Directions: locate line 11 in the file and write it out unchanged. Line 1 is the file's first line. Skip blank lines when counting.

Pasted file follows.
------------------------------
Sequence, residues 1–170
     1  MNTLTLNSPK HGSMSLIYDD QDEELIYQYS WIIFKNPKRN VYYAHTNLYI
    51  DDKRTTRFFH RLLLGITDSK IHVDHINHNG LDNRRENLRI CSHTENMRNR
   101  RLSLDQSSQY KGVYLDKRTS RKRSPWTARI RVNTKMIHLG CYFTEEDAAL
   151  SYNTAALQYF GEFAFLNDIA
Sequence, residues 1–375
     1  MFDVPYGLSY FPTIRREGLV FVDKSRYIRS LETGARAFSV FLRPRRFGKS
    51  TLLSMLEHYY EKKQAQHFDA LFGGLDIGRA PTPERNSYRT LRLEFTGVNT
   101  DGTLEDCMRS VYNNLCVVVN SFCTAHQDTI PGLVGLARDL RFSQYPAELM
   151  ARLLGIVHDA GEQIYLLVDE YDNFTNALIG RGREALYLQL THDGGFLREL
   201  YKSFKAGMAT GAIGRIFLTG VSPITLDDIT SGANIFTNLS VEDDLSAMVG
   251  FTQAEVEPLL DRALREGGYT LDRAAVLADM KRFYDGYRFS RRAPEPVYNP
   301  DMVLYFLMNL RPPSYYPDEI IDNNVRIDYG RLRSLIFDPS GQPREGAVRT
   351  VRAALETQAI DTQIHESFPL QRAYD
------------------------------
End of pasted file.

   201  YKSFKAGMAT GAIGRIFLTG VSPITLDDIT SGANIFTNLS VEDDLSAMVG